Thursday, September 25, 2008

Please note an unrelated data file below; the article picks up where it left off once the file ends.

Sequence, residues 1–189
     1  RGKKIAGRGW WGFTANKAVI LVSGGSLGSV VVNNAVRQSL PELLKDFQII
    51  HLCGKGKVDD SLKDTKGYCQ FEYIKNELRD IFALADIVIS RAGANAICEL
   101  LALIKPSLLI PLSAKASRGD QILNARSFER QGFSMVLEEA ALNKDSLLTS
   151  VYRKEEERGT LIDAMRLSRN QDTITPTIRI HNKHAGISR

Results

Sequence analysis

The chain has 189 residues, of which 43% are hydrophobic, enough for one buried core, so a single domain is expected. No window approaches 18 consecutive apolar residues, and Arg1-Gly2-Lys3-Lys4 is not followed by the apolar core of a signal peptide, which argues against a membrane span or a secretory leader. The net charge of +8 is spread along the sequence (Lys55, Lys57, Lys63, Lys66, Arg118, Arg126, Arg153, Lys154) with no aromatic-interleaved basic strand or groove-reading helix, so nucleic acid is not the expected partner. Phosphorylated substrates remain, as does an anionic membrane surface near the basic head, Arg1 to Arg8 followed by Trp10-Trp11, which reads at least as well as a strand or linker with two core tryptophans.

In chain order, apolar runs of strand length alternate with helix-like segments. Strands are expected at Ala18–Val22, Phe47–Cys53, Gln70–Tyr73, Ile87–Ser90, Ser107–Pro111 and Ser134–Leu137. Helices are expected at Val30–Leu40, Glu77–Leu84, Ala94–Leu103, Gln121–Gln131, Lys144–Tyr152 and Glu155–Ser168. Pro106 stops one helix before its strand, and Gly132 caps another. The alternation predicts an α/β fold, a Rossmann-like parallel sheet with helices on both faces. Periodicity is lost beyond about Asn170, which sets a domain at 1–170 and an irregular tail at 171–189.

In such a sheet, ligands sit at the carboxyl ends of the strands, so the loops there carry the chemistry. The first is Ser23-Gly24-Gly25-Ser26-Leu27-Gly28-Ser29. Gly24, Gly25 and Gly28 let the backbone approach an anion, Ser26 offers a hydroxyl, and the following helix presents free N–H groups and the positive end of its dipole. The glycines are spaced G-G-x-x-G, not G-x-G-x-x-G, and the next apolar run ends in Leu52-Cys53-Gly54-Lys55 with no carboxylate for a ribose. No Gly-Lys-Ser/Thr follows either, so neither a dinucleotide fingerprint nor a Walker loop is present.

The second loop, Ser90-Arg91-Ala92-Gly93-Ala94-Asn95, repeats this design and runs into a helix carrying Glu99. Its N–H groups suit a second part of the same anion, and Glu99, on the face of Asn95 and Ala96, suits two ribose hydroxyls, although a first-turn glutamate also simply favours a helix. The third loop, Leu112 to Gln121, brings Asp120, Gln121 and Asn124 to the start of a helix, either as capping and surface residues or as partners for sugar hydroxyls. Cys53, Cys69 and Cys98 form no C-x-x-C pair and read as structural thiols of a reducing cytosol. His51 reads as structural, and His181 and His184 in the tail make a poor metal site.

With the exception of the fabulous Mamie Van Doren B-film GIRLS TOWN, I'm not a fan of the juvenile delinquent movies that Hollywood cranked out in the 50's (in addition to a handful which came out in the depression years). However, it's interesting to find out that the British were doing this kind of thing in the postwar era. The main narrative is framed as a warning tale told to a new delinquent girl (a very young Diana Dors) by the Head of the Juvenile Board (Flora Robson). Jean Kent plays the title character, a lower-class teenager who is fired from a job at a pawnbroker's for "borrowing" a piece of jewelry; when her dad beats her up, she runs away, gets an apartment, and falls in with slimy Peter Glenville who helps her get a job as a hat check girl at a rather rough night club run by Herbert Lom. She does a favor for Glenville when she runs an errand for him involving pawning some jewels, but later he beats her up when she won't sleep with him. A musician (Dennis Price) takes a paternal interest in her and lets her stay with him until she finds another place. However, it turns out that the pawned jewels were stolen and, as it's her word against Glenville's, she's sentenced to three years in reform school. Kent has a bad attitude about her surroundings until she becomes buddies with Jill Balcom, the "good conduct girl," who teaches her how to get away with things under the noses of the matrons. When another girl snitches on Kent and a fight breaks out, Kent escapes, goes back to the big city and falls in with handsome but mean mobster Griffin Jones, who, in the film's best scene, tries to strangle her in a train compartment. Things go even further downhill from there until a last meeting with Price ends in tragedy. The title seems a bit off for two reasons: 1) poor Kent is never seen having a very good time at all; 2) though she's supposed to be 16, Kent looked much closer to her actual age of 27, and reform school friend Balcom looks closer to 30. Aside from Lom and Jones, no one else gets a chance to stand out. Rather drab, with its murky noirish look the most compelling thing on display. [TCM]

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